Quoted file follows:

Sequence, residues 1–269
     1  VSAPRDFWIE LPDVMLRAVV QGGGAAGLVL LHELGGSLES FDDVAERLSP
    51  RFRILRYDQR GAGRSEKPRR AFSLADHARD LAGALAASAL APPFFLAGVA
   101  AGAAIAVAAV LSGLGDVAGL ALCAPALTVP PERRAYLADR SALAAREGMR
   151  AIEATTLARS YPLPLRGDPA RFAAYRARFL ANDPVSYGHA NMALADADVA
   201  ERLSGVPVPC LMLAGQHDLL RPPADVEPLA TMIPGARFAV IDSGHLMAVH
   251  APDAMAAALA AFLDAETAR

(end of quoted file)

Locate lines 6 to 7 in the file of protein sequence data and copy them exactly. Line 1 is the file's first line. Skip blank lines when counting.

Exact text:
   201  ERLSGVPVPC LMLAGQHDLL RPPADVEPLA TMIPGARFAV IDSGHLMAVH
   251  APDAMAAALA AFLDAETAR